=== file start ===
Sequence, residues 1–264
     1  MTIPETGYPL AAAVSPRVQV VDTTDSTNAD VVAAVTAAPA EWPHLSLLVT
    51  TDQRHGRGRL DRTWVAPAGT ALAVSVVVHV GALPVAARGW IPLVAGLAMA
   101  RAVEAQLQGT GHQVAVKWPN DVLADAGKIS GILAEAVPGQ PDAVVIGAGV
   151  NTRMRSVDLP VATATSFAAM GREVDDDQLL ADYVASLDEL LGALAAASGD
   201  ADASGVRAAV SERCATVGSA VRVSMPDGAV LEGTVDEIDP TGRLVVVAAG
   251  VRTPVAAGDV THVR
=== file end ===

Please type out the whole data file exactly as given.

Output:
Sequence, residues 1–264
     1  MTIPETGYPL AAAVSPRVQV VDTTDSTNAD VVAAVTAAPA EWPHLSLLVT
    51  TDQRHGRGRL DRTWVAPAGT ALAVSVVVHV GALPVAARGW IPLVAGLAMA
   101  RAVEAQLQGT GHQVAVKWPN DVLADAGKIS GILAEAVPGQ PDAVVIGAGV
   151  NTRMRSVDLP VATATSFAAM GREVDDDQLL ADYVASLDEL LGALAAASGD
   201  ADASGVRAAV SERCATVGSA VRVSMPDGAV LEGTVDEIDP TGRLVVVAAG
   251  VRTPVAAGDV THVR